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Students learn about sports analytics from former Oakland Athletics’ manager Billy Beane

The McVey Data Science Building helps students learn the new skills in data science required for a career in sports analytics
The McVey Data Science Building helps students learn the new skills in data science required for a career in sports analytics

Miami University officially opened the McVey Data Science Building on March 14. As part of the grand opening, former Major League Baseball player and Oakland Athletics General Manager Billy Beane spoke to the crowd full of alumni and students about his career, as well as the impact of data analytics in sports and the future it holds. 

Before that, Beane spoke to sports analytics students about the importance of the industry. The event was moderated by Associate Professor Adam Beissel.

“As part of the kickoff and the ribbon cutting ceremony, they wanted to bring in somebody to speak to the growth of data analytics within society,” Beissel said. “He told us he has 30 minutes, and we crammed in as many questions as we could and invited our sports analytics students and also our sports analytics concentration students as well.”

During the Q&A session, Beane answered questions from students about his past career as a player and executive in major league baseball, as well as questions about the future of data analytics in sports. 

As the industry changes, new skills are needed now more than ever. The need for traditional baseball scouts has decreased while the need for data scientists has increased. 

“I want the same skills Google wants,” Beane said.  “I want the same skills Goldman Sachs wants.”  

As those skills are in more demand, Miami is giving students the opportunity to major in Sports Analytics as a combined program between the Department of Sports Leadership and Management (SLAM) and the Department of Information Systems and Analytics (ISA). 

“We have about 100 total students doing sports analytics in all the various programs,” Beissel said. “Which, if you put that up in terms of the majors on campus, that would be one of the top 30 majors on campus.”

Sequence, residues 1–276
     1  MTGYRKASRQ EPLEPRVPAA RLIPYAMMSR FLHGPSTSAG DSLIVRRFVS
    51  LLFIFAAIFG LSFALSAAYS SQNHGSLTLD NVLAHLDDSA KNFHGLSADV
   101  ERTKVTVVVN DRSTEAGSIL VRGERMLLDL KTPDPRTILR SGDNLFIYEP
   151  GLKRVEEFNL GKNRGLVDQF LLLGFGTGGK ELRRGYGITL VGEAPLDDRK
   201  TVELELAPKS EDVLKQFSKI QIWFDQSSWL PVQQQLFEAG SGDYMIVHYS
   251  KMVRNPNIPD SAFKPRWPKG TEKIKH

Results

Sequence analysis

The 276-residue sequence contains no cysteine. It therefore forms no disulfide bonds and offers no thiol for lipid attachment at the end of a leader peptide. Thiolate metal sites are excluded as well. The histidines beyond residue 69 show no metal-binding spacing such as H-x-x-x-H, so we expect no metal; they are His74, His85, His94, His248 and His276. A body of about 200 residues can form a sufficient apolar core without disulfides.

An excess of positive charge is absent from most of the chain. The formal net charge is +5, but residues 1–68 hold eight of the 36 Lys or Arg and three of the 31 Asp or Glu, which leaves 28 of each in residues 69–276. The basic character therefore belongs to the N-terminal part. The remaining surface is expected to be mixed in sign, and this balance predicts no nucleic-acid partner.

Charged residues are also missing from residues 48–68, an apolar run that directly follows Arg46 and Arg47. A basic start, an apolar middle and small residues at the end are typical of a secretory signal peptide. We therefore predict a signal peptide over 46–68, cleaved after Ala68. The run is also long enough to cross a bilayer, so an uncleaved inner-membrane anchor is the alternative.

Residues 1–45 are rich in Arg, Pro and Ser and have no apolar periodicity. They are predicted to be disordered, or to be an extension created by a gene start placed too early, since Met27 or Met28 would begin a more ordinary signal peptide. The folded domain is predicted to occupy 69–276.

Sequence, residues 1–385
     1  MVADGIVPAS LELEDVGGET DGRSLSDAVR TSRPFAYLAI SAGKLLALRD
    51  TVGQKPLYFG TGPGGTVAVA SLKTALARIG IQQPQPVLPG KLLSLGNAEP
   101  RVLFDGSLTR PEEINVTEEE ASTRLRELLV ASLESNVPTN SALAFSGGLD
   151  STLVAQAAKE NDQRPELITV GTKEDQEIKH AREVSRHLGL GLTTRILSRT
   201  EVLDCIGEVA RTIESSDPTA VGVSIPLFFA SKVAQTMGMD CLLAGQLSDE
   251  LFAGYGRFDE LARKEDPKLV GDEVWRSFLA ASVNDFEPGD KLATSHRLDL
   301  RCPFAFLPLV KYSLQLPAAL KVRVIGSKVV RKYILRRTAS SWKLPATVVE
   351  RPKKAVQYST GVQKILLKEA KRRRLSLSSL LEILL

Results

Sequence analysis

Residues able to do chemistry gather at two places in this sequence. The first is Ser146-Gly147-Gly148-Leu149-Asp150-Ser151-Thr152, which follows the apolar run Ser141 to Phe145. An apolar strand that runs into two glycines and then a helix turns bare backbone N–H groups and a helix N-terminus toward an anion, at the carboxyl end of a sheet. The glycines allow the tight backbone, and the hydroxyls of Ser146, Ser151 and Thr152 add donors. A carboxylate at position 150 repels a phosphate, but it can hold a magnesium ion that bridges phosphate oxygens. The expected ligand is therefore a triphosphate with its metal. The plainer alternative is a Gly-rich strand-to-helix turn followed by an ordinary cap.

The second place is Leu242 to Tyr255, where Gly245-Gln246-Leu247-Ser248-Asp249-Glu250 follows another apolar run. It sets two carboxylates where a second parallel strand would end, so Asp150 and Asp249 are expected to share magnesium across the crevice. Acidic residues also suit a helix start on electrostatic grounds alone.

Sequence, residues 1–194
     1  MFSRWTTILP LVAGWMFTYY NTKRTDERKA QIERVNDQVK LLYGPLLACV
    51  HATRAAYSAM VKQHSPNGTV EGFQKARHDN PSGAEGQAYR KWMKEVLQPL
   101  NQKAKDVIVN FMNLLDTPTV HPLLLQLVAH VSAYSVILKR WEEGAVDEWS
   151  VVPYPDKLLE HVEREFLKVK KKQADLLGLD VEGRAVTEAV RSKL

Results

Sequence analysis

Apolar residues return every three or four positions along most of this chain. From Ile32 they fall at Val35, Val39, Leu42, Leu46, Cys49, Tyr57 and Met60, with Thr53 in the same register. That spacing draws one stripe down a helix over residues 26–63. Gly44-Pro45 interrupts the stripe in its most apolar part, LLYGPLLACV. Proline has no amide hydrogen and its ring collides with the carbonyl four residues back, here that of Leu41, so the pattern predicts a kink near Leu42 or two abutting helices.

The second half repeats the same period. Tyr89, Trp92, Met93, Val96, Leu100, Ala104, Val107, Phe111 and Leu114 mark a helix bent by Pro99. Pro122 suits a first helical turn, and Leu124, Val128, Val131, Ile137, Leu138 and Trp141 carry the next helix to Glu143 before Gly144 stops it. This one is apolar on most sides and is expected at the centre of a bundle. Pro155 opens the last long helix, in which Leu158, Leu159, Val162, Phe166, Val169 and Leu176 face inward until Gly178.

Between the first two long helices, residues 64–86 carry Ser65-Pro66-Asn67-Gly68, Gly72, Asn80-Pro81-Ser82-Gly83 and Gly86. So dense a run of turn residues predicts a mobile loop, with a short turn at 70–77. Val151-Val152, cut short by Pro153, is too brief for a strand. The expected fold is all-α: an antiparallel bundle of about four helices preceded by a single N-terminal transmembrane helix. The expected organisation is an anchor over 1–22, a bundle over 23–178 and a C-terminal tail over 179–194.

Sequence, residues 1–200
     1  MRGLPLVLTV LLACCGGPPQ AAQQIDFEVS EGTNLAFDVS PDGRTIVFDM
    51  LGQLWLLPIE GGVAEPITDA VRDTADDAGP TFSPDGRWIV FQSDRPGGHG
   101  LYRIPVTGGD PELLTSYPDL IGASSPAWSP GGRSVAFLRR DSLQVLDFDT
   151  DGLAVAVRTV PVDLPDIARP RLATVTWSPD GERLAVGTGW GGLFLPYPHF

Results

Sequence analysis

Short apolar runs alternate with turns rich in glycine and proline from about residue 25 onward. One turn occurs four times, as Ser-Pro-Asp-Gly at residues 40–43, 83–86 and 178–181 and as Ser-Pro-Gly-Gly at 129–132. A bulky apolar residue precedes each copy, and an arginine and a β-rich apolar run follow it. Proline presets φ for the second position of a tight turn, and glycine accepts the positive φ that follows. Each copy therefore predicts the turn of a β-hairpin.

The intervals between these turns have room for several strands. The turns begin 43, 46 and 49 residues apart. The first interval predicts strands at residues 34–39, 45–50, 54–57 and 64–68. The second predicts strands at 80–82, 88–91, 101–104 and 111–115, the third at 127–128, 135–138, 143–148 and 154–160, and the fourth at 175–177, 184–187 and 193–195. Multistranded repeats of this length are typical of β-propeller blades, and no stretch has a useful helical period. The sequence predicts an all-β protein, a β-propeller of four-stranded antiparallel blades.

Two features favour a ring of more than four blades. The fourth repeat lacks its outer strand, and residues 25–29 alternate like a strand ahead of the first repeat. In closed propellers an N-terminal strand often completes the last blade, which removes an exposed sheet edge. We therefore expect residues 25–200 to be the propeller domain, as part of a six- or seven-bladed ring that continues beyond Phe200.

Beane’s “moneyball” approach, which was explored in the 2011 movie “Moneyball” starring Brad Pitt, has forever changed the way data is used in sports and the decision-making process sports teams use to acquire players and hire front office employees. 

“A lot of what Billy does is he sort of prioritizes objective data around how to make decisions that controls for or eliminates the shortcuts to decision making that often impair objective assessment and judgment,” Beissel said. 

After a modest six-year career, Beane became involved in the Athletics’ front office in 1990 and became general manager in 1997. By the time he stepped into his position as general manager, the Athletics changed ownership, and the new owners, Stephen Schott and Ken Hofmann, demanded a low payroll to save costs. That meant Beane and the rest of the front office were going to have to find new and innovative ways to win. 

“It was a market, and we had a limited amount of money, so we had to be really efficient with it,” Beane said.  

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That’s where his famous “moneyball” strategy came to fruition. 

“Guys like Bill James and Pete Palmer said that there’s a more efficient way to run a baseball team [and]that baseball teams were mispricing baseball players’ skills,” Beane said. “The most important skill a baseball player could have from a statistical standpoint was on-base percentage, but it was undervalued, it was about the ninth highest paid skill.” 

Beane and the Athletic’s front office were able to take advantage of this. Despite consistently being towards the bottom of MLB in player payroll, the Athletics made the postseason 11 times during Beane’s time as GM from 1997-2022.   

Data was so important to the Athletics that Beane said that they wanted to make decisions that resembled more of a hedge fund or investment company rather than a sports team. 

“When we looked for inspiration, we weren’t looking for sports executives,” Beane said. “For us, we wanted to really calculate quantitative hedge funds. We wanted to know what John Meriwether was doing, what Simons was doing at Renaissance. We figured they were making these ruthless decisions based on information and that’s how we wanted to do it.”

During the ribbon cutting ceremony, Beane was joined by Miami University President Gregory Crawford and Richard McVey, the founder and chairman of MarketAxess. Crawford said that the $58 million building was designed to “introduce students to the best technology in the world” as well as “build a space to inspire creativity and innovation.”